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Photo: The 9th-grade biology class goes birding on campus.

Where most classrooms end, ours at North Country School begin. Our 220-acre mountain campus and the surrounding Adirondack wilderness provide our students with the opportunity to learn by observing nature. This week, several of our science classes took advantage of this special aspect of our academic program during lessons centered around native flora and fauna.

Each spring, we welcome the return of migratory birds to our campus, and this week our 9th-grade biology class learned how to identify a number of these species during a series of outdoor lab activities. The class also recorded data about the wild plants that arrive in different spots in our woods and meadows at this time of year. Meanwhile, our 6th-grade life science students used trail cameras to observe wildlife in its natural habitat. They’ll use the steps of the scientific method, which they’ve studied throughout the year, to compile and present their findings to their peers. By bringing lessons beyond the textbook, our students are able to recognize the real-world applications of what they learn in class, and form lasting connections to the natural world around them.

ACADEMICS

Top: Sophie and Julian review their wildlife photos. Middle: A deer appears in a camera trap image. Bottom: A martin appears in a camera trap image.

In 6th-grade science class, students have spent the Spring Term practicing the scientific method by observing animals and recording collected data. While some of the students in the class have centered their research around animals in our barnyard, Sophie and Julian turned their focus to the wild creatures that share our North Country home. Using camera traps, which take still images when triggered by motion and infrared sensors, the two have been monitoring wildlife appearances in wooded campus locations over the past several weeks. This week, they collected their cameras and reviewed the captured images, which included photographs of deer, a fox, a fisher cat, and an American pine martin. In upcoming weeks, the class will analyze their findings and present them to their classmates. Their final presentation will describe the discrete and continuous data they collected, the independent and dependent variables of their methods, and the quantitative and qualitative conclusions they reached.

Top: The 9th-grade biology class looks for native birds. Middle 1: Field guides for the 9th-grade biology class lesson. Middle 2: Eric marks a point on his transect line. Bottom: Josie records observations about the habitat around her transect line.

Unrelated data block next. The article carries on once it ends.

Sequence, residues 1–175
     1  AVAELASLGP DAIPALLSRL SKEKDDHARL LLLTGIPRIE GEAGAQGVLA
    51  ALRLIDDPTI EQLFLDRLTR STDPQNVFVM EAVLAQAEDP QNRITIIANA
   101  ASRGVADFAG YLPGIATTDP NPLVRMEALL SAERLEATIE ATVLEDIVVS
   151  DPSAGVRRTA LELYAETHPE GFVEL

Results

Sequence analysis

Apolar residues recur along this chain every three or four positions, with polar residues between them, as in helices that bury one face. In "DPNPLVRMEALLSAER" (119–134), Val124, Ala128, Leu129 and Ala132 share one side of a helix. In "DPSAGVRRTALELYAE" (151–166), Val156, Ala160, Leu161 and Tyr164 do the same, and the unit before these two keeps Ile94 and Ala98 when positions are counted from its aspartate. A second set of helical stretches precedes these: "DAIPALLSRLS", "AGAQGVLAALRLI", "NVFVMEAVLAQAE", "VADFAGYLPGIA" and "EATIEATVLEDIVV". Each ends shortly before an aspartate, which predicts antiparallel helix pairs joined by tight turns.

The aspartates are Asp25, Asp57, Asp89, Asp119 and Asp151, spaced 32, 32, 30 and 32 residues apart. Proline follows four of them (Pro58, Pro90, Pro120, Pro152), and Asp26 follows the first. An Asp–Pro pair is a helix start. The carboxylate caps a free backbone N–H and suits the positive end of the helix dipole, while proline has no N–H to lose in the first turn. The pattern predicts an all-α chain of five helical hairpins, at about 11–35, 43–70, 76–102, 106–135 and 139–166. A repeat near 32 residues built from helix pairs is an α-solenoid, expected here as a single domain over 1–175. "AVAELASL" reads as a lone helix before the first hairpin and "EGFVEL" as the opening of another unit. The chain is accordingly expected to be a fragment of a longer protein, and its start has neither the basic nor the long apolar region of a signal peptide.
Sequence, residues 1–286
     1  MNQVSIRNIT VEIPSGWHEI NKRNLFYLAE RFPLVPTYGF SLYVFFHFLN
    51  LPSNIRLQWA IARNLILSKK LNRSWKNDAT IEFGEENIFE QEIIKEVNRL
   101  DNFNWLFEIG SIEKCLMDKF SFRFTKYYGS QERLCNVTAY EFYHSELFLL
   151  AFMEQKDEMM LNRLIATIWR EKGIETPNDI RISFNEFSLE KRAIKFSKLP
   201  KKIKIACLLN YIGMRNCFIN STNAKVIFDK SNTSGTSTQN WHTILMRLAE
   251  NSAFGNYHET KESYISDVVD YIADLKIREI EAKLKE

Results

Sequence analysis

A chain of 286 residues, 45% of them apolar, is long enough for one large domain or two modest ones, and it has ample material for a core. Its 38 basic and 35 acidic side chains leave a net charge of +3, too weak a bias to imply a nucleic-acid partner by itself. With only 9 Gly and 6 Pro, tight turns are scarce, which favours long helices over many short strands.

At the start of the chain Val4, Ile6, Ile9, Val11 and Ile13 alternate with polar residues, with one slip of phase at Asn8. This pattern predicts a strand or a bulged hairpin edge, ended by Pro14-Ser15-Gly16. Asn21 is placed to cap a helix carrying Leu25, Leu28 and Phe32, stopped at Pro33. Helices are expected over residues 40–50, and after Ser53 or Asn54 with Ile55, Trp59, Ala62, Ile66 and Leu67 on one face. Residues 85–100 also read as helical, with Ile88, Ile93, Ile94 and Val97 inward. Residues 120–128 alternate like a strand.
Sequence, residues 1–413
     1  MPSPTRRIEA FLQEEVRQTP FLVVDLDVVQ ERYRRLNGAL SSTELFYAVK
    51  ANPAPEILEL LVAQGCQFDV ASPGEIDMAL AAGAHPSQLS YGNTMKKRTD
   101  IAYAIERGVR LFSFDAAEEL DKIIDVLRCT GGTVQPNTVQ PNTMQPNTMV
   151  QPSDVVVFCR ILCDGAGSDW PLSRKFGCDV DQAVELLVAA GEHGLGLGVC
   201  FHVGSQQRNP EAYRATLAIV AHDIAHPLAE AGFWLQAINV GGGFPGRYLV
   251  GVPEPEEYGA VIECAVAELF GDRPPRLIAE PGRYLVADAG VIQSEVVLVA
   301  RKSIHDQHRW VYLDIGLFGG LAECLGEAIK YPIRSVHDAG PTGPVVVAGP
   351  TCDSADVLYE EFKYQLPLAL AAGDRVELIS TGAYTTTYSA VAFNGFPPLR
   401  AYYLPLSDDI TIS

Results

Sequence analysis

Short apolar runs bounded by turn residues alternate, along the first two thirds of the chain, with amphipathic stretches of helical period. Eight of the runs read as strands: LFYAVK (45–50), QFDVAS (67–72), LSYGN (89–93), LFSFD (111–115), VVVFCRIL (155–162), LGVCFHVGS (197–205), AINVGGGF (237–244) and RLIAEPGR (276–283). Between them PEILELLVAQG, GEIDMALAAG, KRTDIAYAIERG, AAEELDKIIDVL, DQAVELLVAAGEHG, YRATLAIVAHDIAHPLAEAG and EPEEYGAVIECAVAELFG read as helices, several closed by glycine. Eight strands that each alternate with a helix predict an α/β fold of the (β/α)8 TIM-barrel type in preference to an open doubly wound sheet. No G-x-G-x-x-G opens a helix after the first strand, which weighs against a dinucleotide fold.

Throughout the Spring Term, our 9th-grade scientists have been participating in lab exercises that involve observing spring transitions in nature. This past week, the class practiced several methods of cataloging local flora and fauna, including using binoculars and field guides to locate and identify birds. On their various outings looking for these migratory birds, the class was able to spot and identify downy woodpeckers, a red-eyed vireo, and turkey vultures, as well as the bald eagle that returns to our lake each spring! The class also began the transect line projects they’ll be working on for the remainder of the academic year. Each student chose and marked off a hundred-foot transect line, which is a point-to-point line across a specific habitat, along our Upper Field or Lake Hill that they will observe over the next few weeks. At the end of the term, the class will review their collected data and compare the different plants, animals, birds, and insects they observed over time in these different campus locations.

ARTS

Top: The play band practices songs for the spring theater performance. Middle 1: Gerby, Martin, and Monty in play band class. Bottom: The 5th- and 6th-grade woodshop class with new ice cream cone holders.

At North Country School, our student-artists often have the opportunity to create work that can be enjoyed by the entire community. This week, the students in play band class have been busy rehearsing songs for the spring production of Fantastic Mr. Fox. The bluegrass and folk tunes they’ve been working on will be the perfect addition to this barnyard tale of adventure, friendship, and family.

Meanwhile, in 5th- and 6th-grade woodshop class, students finished up the projects they’ve been constructing throughout the Spring Term: whimsical ice cream cone holders. Each Saturday night, boarding students at NCS enjoy a delicious dessert of local ice cream, which is served by 9th-grade students using wooden trays. In a collaborative project between our art program and the NCS kitchen staff, the class designed new trays to replace the old, worn-out ones. The projects helped students hone foundational woodshop skills including measuring, cutting, and sanding, and offered room for creativity with their colorful surface designs.

Top: Lucy takes a photo using her pinhole camera. Middle: Matt makes a fly in fly fishing class. Bottom: A completed fly in fly fishing class.